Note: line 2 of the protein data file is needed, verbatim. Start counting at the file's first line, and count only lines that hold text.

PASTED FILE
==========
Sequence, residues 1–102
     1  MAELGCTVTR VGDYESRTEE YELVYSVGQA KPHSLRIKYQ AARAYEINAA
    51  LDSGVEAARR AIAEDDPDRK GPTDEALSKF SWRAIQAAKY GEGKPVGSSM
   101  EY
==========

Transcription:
     1  MAELGCTVTR VGDYESRTEE YELVYSVGQA KPHSLRIKYQ AARAYEINAA